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Eagle - The eagle was known as the "chief of all birds" to most Indians.  Like the ancients, the Indian regarded the eagle as an emblem of strength and courage.  They held the bird in great awe, in many instances were superstitious about it, and in other instances worshiped it.  The Hope thought of the eagle as the Sky God, and others considered it as what the white man termed the Thunderbird.

The eagle's extraordinary powers of vision, the great heights to which it soared in the sky, and the wild grandeur of the scenery where it made its home, as well as its length of life - all inspired the Indian.  It filled him with hope and confidence of success and victory.

Most Indians claimed the eagle was created by their Supreme Being for its beauty, as well as to provide decoration for themselves and special charms in battle.  While the bald or white headed eagle, which became the national emblem of the United States by an act of Congress in 1782, was the most widespread, the Indian preferred the golden or mountain eagle, found chiefly in the West.

Hunting the eagle was dangerous and usually was done only by highly trained men.  Those of some tribes scaled great heights and trapped the eagle in its eyrie.  But among those of the Plains tribes the usual method was to trap them from covered pits.  An eagle hunter would remain in a pit until the eagle came down to seize the bait placed at the edge of the pit.  The hunter then grabbed the eagle's legs and overpowered it.  These hunts usually were attended by solemn ceremonies.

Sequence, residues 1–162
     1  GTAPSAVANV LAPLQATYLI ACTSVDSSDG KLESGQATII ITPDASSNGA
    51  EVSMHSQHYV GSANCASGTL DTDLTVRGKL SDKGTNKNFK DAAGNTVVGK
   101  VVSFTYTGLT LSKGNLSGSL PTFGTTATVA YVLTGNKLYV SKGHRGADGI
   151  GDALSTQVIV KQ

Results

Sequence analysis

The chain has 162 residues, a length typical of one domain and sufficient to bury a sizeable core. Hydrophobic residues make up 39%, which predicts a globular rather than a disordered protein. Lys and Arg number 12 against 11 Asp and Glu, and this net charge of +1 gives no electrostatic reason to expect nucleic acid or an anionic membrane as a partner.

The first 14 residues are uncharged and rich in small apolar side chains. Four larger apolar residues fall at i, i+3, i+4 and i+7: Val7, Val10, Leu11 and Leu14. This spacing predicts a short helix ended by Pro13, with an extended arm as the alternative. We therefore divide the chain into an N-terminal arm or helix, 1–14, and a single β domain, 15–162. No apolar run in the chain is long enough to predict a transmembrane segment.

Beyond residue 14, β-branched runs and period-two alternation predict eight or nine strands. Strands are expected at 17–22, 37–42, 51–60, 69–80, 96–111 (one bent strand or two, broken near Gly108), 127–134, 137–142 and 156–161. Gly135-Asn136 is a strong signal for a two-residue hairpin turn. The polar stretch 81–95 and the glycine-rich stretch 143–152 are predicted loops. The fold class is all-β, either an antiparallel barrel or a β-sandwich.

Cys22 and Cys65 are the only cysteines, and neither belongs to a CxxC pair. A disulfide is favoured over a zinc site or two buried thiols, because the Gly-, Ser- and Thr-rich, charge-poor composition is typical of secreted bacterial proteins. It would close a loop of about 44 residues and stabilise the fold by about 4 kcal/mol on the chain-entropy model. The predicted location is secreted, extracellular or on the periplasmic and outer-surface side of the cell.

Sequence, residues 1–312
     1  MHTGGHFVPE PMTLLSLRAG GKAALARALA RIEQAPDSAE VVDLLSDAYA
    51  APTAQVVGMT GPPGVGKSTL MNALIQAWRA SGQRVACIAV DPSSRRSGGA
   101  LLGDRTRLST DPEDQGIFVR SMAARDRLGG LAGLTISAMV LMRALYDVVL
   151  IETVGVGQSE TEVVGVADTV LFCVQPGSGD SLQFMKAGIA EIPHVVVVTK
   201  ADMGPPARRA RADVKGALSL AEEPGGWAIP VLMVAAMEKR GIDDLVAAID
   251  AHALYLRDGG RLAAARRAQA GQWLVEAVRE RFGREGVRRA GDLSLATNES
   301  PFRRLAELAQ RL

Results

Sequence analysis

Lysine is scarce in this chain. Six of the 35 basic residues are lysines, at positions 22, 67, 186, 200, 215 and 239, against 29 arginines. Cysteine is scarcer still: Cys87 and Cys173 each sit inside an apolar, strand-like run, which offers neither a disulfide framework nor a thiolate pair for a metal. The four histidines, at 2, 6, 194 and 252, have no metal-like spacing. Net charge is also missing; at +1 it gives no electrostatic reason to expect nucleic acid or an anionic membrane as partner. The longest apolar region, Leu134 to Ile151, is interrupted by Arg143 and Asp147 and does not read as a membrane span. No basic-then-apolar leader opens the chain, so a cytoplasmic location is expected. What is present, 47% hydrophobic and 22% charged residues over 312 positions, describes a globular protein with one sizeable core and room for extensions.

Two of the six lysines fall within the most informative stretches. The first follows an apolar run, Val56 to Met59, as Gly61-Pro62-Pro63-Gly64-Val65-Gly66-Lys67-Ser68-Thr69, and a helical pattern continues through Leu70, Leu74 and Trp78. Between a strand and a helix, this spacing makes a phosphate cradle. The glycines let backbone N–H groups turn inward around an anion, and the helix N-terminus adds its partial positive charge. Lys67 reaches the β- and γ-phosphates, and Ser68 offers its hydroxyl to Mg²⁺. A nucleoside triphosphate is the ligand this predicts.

The Pueblo Indians had eagles in captivity when Coronado first visited them.

Feathers of the golden eagle were prized as exploit feathers and for war bonnets.  A complete tail of twelve eagle feathers was worth a pony on the Plains.  White plumes with black tips were the most valuable.  Such feathers were fastened in the scalp lock and also in the manes of warriors' ponies.  They were used to decorate shields.

Some tribes allowed a man to wear an eagle feather only after he had killed someone in a fight, or, or in other tribes, when he had counted coup on a live enemy.  The number of feathers a warrior wore showed the number of times he had counted coup or had slain enemies.  Among the Chippewa a man who scalped an enemy could wear two feathers, and if he had rescued a wounded prisoner he could wear five.

Some tribes used the down, wing, and tail feathers in sacrifice.  The wings were made into fans by the Sioux and other tribes.  Eagle wing feathers were the best for feathering arrows - feathers from the same wing always being used on an arrow to give it a revolving motion.

Bones of eagles' wings were fashioned into whistles used in ceremonies, especially in the Sun Dance of the Cheyenne.  Eagle claws were valued as good luck charms.

Related Information within this Site
[ Arrow ][ Featherwork ][ Headdress ][ Musical Instruments ]
[ Sun Dance ][ Thunderbird ][ Whistle ]